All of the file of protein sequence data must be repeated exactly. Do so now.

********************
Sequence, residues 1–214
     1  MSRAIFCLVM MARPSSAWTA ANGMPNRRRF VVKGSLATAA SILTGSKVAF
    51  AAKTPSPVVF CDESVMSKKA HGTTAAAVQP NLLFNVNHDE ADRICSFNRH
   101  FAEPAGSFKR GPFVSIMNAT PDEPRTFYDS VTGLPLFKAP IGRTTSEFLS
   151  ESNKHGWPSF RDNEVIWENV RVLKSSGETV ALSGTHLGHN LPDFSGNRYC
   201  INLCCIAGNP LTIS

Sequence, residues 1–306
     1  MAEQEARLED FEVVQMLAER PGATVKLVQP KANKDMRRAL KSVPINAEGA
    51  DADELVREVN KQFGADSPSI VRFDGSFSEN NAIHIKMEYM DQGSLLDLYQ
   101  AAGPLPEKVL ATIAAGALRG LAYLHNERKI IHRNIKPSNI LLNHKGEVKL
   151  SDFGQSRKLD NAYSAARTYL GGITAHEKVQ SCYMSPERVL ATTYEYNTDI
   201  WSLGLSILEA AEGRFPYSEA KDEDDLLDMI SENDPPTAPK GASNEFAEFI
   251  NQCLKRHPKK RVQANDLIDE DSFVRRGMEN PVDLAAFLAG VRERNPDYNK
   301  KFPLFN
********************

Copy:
Sequence, residues 1–214
     1  MSRAIFCLVM MARPSSAWTA ANGMPNRRRF VVKGSLATAA SILTGSKVAF
    51  AAKTPSPVVF CDESVMSKKA HGTTAAAVQP NLLFNVNHDE ADRICSFNRH
   101  FAEPAGSFKR GPFVSIMNAT PDEPRTFYDS VTGLPLFKAP IGRTTSEFLS
   151  ESNKHGWPSF RDNEVIWENV RVLKSSGETV ALSGTHLGHN LPDFSGNRYC
   201  INLCCIAGNP LTIS

Sequence, residues 1–306
     1  MAEQEARLED FEVVQMLAER PGATVKLVQP KANKDMRRAL KSVPINAEGA
    51  DADELVREVN KQFGADSPSI VRFDGSFSEN NAIHIKMEYM DQGSLLDLYQ
   101  AAGPLPEKVL ATIAAGALRG LAYLHNERKI IHRNIKPSNI LLNHKGEVKL
   151  SDFGQSRKLD NAYSAARTYL GGITAHEKVQ SCYMSPERVL ATTYEYNTDI
   201  WSLGLSILEA AEGRFPYSEA KDEDDLLDMI SENDPPTAPK GASNEFAEFI
   251  NQCLKRHPKK RVQANDLIDE DSFVRRGMEN PVDLAAFLAG VRERNPDYNK
   301  KFPLFN